Terrorism is the use of random violence against people, against human beings to forward a political agenda through fear and intimidation. The audience for terrorism is much larger than the victims of terrorism. So, we have lots and lots of examples right in front of us.

One example is the World Trade Center. The act was not only a crime against humanity but an act of pure terror. Dylan Roof was an act of pure terror. He had a political agenda; he decided to shoot a bunch of people randomly and kill them... to further that political agenda and his audience was much larger than the victims themselves. So, that’s what terrorism is.

If you look at the last century and a half you will notice that, while terrorism can be carried [out] by political groups, religious groups, random individuals, cults, sects, political parties, overwhelmingly terrorism is carried out by governments, and governments have been the main perpetrators of terrorism in the 20th century and beyond.

The word as it’s used in America today...it’s a word that’s racial. It’s a word that is used distinctively about a certain religion and a certain race. That’s why FBI Director Comey would refuse, even when pushed, refused to call Dylan Roof’s action a terrorist action. When a random crime occurs, it’s not called terrorism until it turns out that it’s somebody from the Middle East... Otherwise it’s just a crime or a mental health problem.

When somebody throws a rock through a window, that’s not terrorism. That’s actually something else. And if you do it for political purpose and you call it terrorism is to paint with a pretty broad brush. So, the United States government... likes to say that somebody commits arson against a car... that’s terrorism. And that’s ridiculous... and at the same time to say Dylan Roof is not a terrorist is absurd.

UR: Do you endorse using such tactics you performed as member of the Weather Underground?

BA: Well, I’m not a tactician so I don’t endorse nor condemn a tactic in the abstract. I’m sure you think of yourself as nonviolent, correct?

UR: I do consider myself nonviolent, yes.

BA: And yet you live in the most violent country every constructed by Earth, correct?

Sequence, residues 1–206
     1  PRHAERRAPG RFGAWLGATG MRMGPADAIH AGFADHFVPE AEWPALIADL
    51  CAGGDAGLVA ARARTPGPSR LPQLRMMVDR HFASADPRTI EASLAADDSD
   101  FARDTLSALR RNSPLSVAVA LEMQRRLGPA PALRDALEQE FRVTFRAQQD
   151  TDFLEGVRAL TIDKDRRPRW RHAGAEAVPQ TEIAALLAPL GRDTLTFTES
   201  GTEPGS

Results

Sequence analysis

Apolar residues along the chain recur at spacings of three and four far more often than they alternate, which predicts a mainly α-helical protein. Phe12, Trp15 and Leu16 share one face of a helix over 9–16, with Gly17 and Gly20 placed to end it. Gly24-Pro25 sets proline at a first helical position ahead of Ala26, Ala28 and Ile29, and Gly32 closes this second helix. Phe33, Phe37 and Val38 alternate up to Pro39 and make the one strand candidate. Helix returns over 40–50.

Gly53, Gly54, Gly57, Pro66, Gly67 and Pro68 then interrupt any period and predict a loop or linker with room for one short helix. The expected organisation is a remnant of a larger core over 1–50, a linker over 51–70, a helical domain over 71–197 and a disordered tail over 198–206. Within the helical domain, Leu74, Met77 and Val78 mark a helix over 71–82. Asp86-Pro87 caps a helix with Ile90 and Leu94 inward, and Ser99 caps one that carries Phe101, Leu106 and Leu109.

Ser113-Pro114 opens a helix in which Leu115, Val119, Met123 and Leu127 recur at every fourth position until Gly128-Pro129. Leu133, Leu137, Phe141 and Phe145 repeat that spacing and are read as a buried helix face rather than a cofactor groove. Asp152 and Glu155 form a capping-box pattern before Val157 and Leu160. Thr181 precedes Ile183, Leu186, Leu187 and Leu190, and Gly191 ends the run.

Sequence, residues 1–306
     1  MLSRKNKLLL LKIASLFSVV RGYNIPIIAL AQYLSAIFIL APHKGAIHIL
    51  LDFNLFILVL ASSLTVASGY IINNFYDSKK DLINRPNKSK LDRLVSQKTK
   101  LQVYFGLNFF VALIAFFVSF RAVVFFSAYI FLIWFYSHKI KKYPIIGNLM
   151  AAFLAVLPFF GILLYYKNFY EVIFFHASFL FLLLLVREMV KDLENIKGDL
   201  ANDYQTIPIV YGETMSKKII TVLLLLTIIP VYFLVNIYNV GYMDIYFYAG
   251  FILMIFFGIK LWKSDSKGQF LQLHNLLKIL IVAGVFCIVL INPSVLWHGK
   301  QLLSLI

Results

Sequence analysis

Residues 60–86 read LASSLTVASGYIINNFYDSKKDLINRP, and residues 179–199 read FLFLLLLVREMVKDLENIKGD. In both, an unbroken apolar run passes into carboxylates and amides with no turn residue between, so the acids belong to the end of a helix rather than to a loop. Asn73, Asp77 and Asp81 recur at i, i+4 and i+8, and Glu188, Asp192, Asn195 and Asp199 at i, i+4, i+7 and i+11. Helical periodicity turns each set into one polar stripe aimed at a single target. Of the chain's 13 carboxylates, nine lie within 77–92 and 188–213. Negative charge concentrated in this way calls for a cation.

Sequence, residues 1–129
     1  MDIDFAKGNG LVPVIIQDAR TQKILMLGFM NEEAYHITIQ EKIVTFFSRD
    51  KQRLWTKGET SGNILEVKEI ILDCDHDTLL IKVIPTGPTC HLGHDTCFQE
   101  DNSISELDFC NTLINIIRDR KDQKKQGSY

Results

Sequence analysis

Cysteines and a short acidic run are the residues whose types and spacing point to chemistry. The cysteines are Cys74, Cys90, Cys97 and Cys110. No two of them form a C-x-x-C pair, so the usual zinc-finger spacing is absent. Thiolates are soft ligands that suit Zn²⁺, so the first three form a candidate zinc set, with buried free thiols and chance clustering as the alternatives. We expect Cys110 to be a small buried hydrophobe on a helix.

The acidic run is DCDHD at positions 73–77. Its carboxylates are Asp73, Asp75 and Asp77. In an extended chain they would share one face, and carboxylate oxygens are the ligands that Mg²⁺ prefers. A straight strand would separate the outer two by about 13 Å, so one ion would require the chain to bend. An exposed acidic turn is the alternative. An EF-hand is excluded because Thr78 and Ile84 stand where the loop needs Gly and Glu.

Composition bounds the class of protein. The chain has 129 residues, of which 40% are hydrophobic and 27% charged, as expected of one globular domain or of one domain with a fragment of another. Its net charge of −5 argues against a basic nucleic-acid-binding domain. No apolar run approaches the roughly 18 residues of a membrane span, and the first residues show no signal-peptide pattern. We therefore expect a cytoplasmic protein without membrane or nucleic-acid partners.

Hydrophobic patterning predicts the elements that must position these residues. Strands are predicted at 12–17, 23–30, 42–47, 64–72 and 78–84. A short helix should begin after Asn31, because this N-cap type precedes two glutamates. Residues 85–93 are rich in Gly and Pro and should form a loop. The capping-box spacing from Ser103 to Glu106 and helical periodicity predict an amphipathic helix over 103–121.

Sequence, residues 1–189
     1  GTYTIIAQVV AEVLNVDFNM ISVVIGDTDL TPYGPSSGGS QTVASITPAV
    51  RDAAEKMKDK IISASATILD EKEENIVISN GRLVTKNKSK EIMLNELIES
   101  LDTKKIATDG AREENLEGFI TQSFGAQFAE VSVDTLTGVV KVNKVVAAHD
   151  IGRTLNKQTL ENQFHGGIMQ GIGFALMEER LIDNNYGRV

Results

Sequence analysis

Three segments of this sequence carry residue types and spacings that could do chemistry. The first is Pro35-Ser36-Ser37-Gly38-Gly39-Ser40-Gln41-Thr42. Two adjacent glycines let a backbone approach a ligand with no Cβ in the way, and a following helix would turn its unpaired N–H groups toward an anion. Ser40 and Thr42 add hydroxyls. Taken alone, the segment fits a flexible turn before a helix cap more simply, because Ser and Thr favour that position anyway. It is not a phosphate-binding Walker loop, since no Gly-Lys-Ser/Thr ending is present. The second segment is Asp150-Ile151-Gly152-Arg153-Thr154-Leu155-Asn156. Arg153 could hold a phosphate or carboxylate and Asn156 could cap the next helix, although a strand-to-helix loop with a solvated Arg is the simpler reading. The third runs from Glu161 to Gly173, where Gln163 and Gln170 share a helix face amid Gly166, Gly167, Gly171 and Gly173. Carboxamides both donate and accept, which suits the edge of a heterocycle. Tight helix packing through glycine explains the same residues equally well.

UR: There is a good case to be made there. I haven’t looked at the empirical evidence.

BA: Then ask yourself, “Since I live in a violent country and I’m a nonviolent person, what am I willing to do to stop my violent country from committing the violence that it commits all over the world? What am I up to doing?”

So, let’s just take a couple of examples... If you had lived in the United States in the days of slavery, you can certainly see from the perspective of a hundred and fifty years later, that you were living in a violent society, right?

UR: Yes.

BA: In the violent society, whether anybody rose up or not, it was society maintained by violence. So, when John Brown or Harriet Tubman — who incidentally carried a pistol in their pocket — or Frederick Douglas or Nat Turner rose up against that violent system, you would be in favor of that rising up against the violence, right?

UR: Yes, I would. I support people taking the means necessary to protect their own lives and to fight back.

BA: You’re saying it’s okay for people to protect their own lives... So, Harriet Tubman with a pistol is okay, but John Brown attacking Harpers Ferry is not okay?

UR: There’s a little difference between those two things. Definitely we can say at the time John Brown would be considered a terrorist.

BA: He was! He was! And not only was he, he was executed for his crime. But notice two things. One is that W.E.B. Du Bois wrote a book called John Brown. That Henry David Thoreau, who I’m sure you admire, wrote a book called A Plea for Captain John Brown and considered it his best book.

Let’s think about the reality of what was going on at the time. Yes, many people including the government, including Abraham Lincoln, condemned John Brown and killed him. Many other people defended him because they said the system was so violent and so oppressive and exploitative that it had to be opposed.

On the other hand, I think you probably think Nelson Mandela was a world figure of heroic proportions? I’m just guessing.